The importance of history and reading (so you don’t do the same “stupid stuff” again) is at the heart of this achingly funny romp through a dying New Deal town. While mopping up epic nose bleeds, Jack narrates this screw-ball mystery in an endearing and believable voice.  (see reviews on Amazon)

Honor Books:
Inside Out & Back Again by Thanhha Lai
Hà and her family flee war-torn Vietnam for the American South. In spare yet vivid verse, she chronicles her year-long struggle to find her place in a new and shifting world.  (see reviews on Amazon)

Breaking Stalin’s Nose by Eugene Yelchin
On the eve of his induction into the Young Pioneers, Sasha’s world is overturned when his father is arrested by Stalin’s guard. Yelchin deftly crafts a stark and compelling story of a child’s lost idealism.  (see reviews on Amazon)

2011 Medal Winner

Moon over Manifest by Clare Vanderpool
The town of Manifest is based on Frontenac, Kan., the home of debut author Clare Vanderpool’s maternal grandparents. Vanderpool was inspired to write about what the idea of “home” might look like to a girl who had grown up riding the rails. She lives in Wichita with her husband and four children.  (see reviews on Amazon)

Honor Books:
Turtle in Paradise by Jennifer L. Holm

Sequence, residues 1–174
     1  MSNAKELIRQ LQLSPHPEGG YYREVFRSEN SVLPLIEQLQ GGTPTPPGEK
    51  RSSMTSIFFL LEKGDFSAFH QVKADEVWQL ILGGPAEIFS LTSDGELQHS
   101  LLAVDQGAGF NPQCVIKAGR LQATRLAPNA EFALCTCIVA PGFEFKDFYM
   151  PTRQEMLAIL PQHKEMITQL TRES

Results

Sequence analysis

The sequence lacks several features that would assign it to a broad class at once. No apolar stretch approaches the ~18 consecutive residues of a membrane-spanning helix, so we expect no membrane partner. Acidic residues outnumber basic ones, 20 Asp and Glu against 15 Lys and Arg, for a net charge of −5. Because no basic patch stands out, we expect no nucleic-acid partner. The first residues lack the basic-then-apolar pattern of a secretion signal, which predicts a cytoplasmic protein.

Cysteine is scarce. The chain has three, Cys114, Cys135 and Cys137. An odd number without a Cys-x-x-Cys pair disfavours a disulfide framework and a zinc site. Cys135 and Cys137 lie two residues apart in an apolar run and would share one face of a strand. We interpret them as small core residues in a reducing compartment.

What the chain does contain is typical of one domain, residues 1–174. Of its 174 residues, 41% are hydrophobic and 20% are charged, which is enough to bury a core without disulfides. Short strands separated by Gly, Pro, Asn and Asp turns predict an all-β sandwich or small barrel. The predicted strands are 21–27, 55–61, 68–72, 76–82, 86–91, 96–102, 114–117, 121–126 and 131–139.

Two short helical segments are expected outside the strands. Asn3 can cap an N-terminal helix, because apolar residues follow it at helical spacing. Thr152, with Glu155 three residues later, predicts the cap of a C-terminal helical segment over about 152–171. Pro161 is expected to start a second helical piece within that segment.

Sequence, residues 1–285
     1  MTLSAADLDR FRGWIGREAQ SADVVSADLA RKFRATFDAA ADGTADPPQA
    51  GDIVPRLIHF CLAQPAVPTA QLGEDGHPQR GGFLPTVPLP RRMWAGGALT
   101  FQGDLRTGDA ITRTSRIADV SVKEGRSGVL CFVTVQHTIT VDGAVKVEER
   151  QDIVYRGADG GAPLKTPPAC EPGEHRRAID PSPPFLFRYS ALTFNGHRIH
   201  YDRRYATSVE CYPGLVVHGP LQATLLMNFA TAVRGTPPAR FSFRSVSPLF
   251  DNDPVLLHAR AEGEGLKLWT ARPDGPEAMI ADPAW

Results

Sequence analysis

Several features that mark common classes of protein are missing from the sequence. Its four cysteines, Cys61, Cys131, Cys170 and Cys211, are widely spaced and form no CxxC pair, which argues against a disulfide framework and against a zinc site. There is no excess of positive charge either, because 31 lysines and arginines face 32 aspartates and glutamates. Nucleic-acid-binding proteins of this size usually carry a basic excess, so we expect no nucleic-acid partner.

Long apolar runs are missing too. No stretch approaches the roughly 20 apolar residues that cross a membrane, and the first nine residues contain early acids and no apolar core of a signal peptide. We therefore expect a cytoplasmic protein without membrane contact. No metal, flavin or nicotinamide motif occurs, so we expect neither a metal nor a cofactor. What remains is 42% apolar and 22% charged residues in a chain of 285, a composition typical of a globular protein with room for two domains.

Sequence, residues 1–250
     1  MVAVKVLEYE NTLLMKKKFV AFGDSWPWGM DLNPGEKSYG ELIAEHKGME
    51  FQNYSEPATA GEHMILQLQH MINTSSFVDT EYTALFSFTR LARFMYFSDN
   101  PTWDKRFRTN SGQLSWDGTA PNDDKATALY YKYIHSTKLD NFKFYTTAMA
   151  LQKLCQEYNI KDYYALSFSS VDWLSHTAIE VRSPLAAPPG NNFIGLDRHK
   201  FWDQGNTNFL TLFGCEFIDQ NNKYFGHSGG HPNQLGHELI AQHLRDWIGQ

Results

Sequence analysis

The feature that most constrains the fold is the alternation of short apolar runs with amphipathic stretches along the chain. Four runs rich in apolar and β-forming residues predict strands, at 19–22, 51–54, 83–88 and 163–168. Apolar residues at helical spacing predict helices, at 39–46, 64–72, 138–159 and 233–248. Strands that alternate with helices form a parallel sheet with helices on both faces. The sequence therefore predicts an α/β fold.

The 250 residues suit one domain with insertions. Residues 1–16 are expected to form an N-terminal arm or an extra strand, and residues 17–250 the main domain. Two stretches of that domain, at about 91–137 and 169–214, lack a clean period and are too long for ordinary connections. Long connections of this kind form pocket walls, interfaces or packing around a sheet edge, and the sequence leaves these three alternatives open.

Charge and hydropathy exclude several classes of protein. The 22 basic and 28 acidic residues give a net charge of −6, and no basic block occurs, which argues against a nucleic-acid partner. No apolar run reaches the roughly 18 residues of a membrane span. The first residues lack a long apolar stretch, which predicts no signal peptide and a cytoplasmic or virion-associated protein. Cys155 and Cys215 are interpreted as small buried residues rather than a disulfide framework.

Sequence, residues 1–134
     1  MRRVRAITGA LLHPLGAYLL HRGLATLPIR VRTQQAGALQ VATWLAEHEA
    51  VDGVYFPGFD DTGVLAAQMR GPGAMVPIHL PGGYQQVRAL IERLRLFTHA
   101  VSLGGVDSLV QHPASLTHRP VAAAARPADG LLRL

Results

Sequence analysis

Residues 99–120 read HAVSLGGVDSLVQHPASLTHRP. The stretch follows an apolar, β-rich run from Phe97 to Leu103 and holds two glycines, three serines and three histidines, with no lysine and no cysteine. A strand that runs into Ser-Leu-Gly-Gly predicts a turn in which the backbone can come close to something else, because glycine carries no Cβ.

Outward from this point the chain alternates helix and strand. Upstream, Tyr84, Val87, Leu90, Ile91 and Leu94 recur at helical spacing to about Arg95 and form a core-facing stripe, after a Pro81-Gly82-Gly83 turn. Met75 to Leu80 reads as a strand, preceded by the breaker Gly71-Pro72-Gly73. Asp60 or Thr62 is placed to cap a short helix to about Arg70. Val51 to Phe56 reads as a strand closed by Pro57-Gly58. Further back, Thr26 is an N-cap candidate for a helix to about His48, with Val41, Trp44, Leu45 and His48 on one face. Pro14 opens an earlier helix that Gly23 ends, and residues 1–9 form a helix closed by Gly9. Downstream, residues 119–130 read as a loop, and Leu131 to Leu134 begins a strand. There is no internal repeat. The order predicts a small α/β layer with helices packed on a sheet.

Sassy eleven-year-old Turtle finds her life turned on end when she is sent to live with her aunt in Depression-era Key West. With vivid details, witty dialogue and outrageous escapades, Jennifer Holm successfully explores the meaning of family and home… and lost treasures found.  (see reviews on Amazon)

Heart of a Samurai by Margi Preus
Shipwrecks, whaling, a search for home and a delightful exploration of cultures create a swashbuckling adventure. This historical novel is based on the true story of Manjiro (later John Mung), the young fisherman believed to be the first Japanese person to visit America, who against all odds, becomes a samurai.  (see reviews on Amazon)  (see review by Susan)

Dark Emperor and Other Poems of the Night by Joyce Sidman
Welcoming her readers into the “wild, enchanted park” that is the night, Joyce Sidman has elegantly crafted twelve poems rich in content and varied in format. Companion prose pieces about nocturnal flora and fauna are as tuneful and graceful as the poems. This collection is “a feast of sound and spark.”  (see reviews on Amazon)  (see review by Susan)

One Crazy Summer by Rita Williams-Garcia
The voices of sisters Delphine, Vonetta and Fern sing in three-part harmony in this wonderfully nuanced, humorous novel set in 1968 Oakland, Calif. One crazy summer, the three girls find adventure when they are sent to meet their estranged poet-mother Cecile, who prints flyers for the Black Panthers.  (see reviews on Amazon)

Newbery Medal Winners – 1922-2010